LVIV, Ukraine -- On a warm autumn day in western Ukraine, the wedding party of Oleksa Dovbush and his bride-to-be sing their way through a village en route to the church. But the frolicking stops when the carriage of the landowner collides into them. Duchess Yablonovska orders her guards to remove them, a fight ensues, and Dovbush is captured.
The scene is the turning point of a new biopic, titled Dovbush, about a real-life 18th-century Robin Hood of sorts who, after escaping imprisonment, led an outlaw group that robbed rich landowners in the bucolic Carpathian Mountains to give to poor Ukrainian villagers until his death at the hands of his lover's husband.
With a top Ukrainian director at the helm, a budget of more than $3 million (roughly $2.3 million of which comes from the Ukrainian state), and a story about fighting a repressive overlord, the film epitomizes the surprising rise of Ukraine's film industry.
For decades, Ukraine's modest film industry has been overshadowed by that of neighboring Russia -- and Russian films still garner much more attention, acclaim, and money.
But in the years since a corrupt, eastward-looking government was toppled in 2014, Ukrainian cinema is enjoying a moment in the spotlight, bolstered by state funding, a wave of nationalist fervor, and an energized class of passionate young filmmakers.
More films are being made in Ukraine now than at any time in its 27-year history of independence. More government money is being allocated to keep them coming. And more than ever before, they are gaining attention at home and winning awards at top international film festivals.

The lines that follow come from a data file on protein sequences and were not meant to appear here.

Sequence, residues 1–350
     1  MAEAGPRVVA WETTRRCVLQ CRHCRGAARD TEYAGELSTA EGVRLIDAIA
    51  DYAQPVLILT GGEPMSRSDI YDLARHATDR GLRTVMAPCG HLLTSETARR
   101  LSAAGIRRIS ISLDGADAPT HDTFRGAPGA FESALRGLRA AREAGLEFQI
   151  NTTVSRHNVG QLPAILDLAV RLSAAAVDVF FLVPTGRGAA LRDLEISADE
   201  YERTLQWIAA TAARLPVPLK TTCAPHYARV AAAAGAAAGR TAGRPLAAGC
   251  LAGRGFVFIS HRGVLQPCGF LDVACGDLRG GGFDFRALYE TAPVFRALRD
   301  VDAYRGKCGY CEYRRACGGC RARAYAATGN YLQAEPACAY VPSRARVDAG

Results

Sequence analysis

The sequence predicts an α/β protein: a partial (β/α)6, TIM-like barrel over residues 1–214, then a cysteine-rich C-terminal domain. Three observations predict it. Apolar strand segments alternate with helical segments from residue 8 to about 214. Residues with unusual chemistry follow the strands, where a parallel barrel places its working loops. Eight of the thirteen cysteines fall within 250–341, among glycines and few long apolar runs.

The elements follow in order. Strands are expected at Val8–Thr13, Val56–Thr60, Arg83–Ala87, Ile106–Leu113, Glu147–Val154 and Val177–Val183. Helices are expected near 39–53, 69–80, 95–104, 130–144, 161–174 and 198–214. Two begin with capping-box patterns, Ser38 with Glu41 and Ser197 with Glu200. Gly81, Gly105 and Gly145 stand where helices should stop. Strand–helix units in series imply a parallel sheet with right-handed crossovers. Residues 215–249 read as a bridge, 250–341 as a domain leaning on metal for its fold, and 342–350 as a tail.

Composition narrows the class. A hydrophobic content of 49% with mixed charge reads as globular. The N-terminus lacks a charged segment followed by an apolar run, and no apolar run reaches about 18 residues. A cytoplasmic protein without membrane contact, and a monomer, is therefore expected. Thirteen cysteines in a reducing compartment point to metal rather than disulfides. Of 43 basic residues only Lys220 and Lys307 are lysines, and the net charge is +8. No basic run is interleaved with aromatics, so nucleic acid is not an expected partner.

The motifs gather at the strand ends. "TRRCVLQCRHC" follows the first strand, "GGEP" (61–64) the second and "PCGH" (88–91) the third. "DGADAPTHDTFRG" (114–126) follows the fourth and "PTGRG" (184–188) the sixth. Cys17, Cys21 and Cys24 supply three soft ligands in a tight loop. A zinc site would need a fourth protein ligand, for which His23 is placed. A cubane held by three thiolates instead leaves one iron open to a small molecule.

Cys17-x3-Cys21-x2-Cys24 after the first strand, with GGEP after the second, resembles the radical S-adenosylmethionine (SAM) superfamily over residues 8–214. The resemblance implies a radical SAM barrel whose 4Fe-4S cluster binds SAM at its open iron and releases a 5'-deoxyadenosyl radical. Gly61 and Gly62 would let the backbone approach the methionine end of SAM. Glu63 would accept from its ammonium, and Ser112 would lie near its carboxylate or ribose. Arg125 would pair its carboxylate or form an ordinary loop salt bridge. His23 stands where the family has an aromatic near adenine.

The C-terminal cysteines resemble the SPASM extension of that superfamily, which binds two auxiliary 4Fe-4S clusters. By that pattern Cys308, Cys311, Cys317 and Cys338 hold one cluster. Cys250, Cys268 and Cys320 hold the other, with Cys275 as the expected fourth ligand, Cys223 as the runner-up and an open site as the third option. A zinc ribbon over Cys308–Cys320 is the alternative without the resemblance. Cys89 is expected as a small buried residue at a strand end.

"We are premiering a new Ukrainian feature film almost weekly for the rest of the year," Filip Illienko, head of the State Film Agency, known locally as DerzhKino, told RFE/RL recently, surrounded by movie posters at his Kyiv office. "It's hard for me to take part in all of them, because there are so many."
But, as promising as it sounds, some insiders are concerned that the burgeoning industry may be hampered by requirements set by DerzhKino, which prioritizes funding for so-called patriotic projects and imposes severe language restrictions.
Those critics fear that a Ukrainian government engrossed in fighting Russia-backed separatists on the physical battlefield and Moscow itself on the information battlefield has lost focus of cinema's long-term development and is instead out to produce pro-Ukrainian propaganda to inspire the masses in wartime.
After Independence, Industry Takes Five
For two decades after the split from the U.S.S.R., Ukraine's film industry struggled to develop. Deprived of state support and unsure where they belonged in a post-Soviet world, Ukrainian filmmakers spent years trying -- and largely failing -- to discover their voice and compete with Hollywood and European films. Meanwhile, Russian films continued to dominate box offices in largely bilingual Ukraine.
The logjam eased in 2011, when the government of former President Viktor Yanukovych increased state funding for the film industry to roughly $12 million.